The Estate responded to the motion to dismiss by explaining that the only terms and conditions that it initially had been able to locate through the Royal Caribbean website were those requiring litigation in Florida. The Estate submitted a declaration from its attorney describing the manner in which the terms and conditions attached to the complaint were obtained. The attorney stated that, in January 2010 and again in February 2010, several months after the Myhras' cruise, he had visited the Royal Caribbean website and had printed the terms and conditions. Furthermore, the Estate argued that, even if Royal Caribbean's motion had identified the correct terms for the specific voyage at issue, those terms were unenforceable as against the public policy of the United States. Specifically, the Estate invited the court's attention to 46 U.S.C. § 30509(a),13 which prohibits common carriers transporting passengers and making use of a port of the United States from contractually limiting liability for personal injury claims; the Athens Convention, to which the United Kingdom was a signatory, would impose just such a limitation. According to the Estate, because the provision of the contract applying the Athens Convention would be void in the United States courts, the forum-selection clause, which would have the effect of enforcing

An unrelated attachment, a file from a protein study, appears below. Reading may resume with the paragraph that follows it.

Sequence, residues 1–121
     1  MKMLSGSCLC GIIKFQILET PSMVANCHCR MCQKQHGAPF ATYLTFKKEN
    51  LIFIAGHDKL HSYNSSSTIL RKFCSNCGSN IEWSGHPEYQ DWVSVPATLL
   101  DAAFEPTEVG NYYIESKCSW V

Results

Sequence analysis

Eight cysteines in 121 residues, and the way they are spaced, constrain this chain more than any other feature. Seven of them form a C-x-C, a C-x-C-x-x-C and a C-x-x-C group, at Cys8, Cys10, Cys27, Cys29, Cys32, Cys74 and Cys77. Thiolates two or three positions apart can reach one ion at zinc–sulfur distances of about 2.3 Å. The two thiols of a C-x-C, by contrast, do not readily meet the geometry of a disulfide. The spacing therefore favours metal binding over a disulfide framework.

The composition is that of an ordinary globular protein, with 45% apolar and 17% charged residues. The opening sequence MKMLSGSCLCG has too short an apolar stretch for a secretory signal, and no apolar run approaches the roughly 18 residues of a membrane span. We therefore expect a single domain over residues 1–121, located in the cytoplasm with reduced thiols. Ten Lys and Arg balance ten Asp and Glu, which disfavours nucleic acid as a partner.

the Athens Convention, also should be void.
In reply, Royal Caribbean submitted a supplemental affidavit from its legal director. As an explanation as to why the terms were no longer displayed prominently on the website, she stated that the website itself had been " extensively modified" between the time of the Myhras' cruise and their attorney's website search.14 Royal Caribbean submitted that the forum-selection clause was presumptively valid under federal law and that none of the requirements for invalidating a clause were present in this case.
The district court agreed with Royal Caribbean and dismissed the case. The court began by setting forth the rule that forum-selection clauses are presumptively valid and enforceable absent " a strong showing that enforcement would be unfair or unreasonable under the circumstances." 15 Turning to the facts before it, the court noted that the Myhras contended that the Royal Caribbean website was unclear; however, they did not assert that they had not received in the mail the travel documentation that contained the correct terms and conditions.16 Under these circumstances, the court concluded that the Estate had not demonstrated that the Myhras had agreed to the forum-selection clause in the contract " through fraud or overreaching," nor had it shown that " the chosen law would deprive [the Estate] of a remedy." 17 Accordingly, the Estate had " failed to make the strong showing required" to void a presumptively valid forum-selection clause.18 With respect to the Estate's principal argument regarding the application of the Athens Convention as a violation of the public policy of the United States, the court determined that it...